It’s glorious out and I’m parked on sedate Elm Street, facing Commencal. This hot July day I have chosen to sit on a shady outdoor patio in full view of my car. I ask if they ticket here. Oh yeah, you’re dead meat as soon as your time’s up says the perky waitress. I dig into my six-dollar chocolate cherry ice cream, the cheapest and smallest thing on the menu, served beautifully in a glass tulip dish. I ask for an ice water and wait for my daughter to emerge from the medical building across the street. She’s having a bit of a bad day. I’m playing it cool, trying to live in the moment and am hoping things will be OK. 

 Finally able to relax one month into my summer holidays, I look forward to at least another two. There’s an ease now about the pace of things. My body feels loose and limp and my breathing is noticeably Zen. The quaint Austrian folk tune of my cell sounds romantic, even unobtrusive and I decide to answer it. Oh, I say to my husband, the principal? Right … Sure. I’ll call her back. For several weeks already I had been expecting the call about the renewal of my annual contract.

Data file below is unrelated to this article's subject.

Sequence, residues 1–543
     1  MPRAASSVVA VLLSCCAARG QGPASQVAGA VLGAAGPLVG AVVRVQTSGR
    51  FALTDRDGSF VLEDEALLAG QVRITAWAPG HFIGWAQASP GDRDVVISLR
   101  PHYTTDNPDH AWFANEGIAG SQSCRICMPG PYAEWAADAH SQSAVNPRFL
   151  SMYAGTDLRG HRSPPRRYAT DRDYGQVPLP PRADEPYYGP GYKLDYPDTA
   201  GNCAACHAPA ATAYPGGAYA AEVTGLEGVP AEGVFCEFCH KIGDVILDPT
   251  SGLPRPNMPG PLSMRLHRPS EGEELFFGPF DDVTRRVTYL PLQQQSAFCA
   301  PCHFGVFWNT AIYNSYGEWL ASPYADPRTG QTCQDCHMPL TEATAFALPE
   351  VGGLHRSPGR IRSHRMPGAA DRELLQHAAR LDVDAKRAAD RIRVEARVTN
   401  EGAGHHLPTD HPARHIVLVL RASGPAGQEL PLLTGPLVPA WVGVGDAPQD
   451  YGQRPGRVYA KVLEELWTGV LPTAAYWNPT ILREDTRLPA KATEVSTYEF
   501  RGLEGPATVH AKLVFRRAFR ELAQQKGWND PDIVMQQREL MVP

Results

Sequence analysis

Feigning calm, I punch the familiar number on the keypad of my cell and am surprised to reach the administrator directly. Her message is politely prefaced and the words are deliberately formed and carefully transmitted to me. I detect a slight quaver in the voice. She is ready for the onslaught, whatever it may be. Am I ready? We have decided not to renew your contract (keep talking) and have decided it’s time to part ways  ... to part ways … to part ways …the reason, yes, I must ask her the reason. It’s vague and convoluted and I am barely hearing.

 I might have known what was coming but nothing had quite prepared me for that stark statement of finality.  Numbly, I thank her for telling me. Then the awkward space of several seconds, that pregnant pause: my final words … she’s waiting for my final words. I sputter something about my many satisfying years, grateful parents and happy students. My words evaporate as soon as they are formed and those that do escape fall on sterile ground. Such a dolt you are Adria. 

 Better doors open. Everything has a purpose. Change is good. And there was more such kindly advice, maxims that took days, weeks, to root. But take root they did.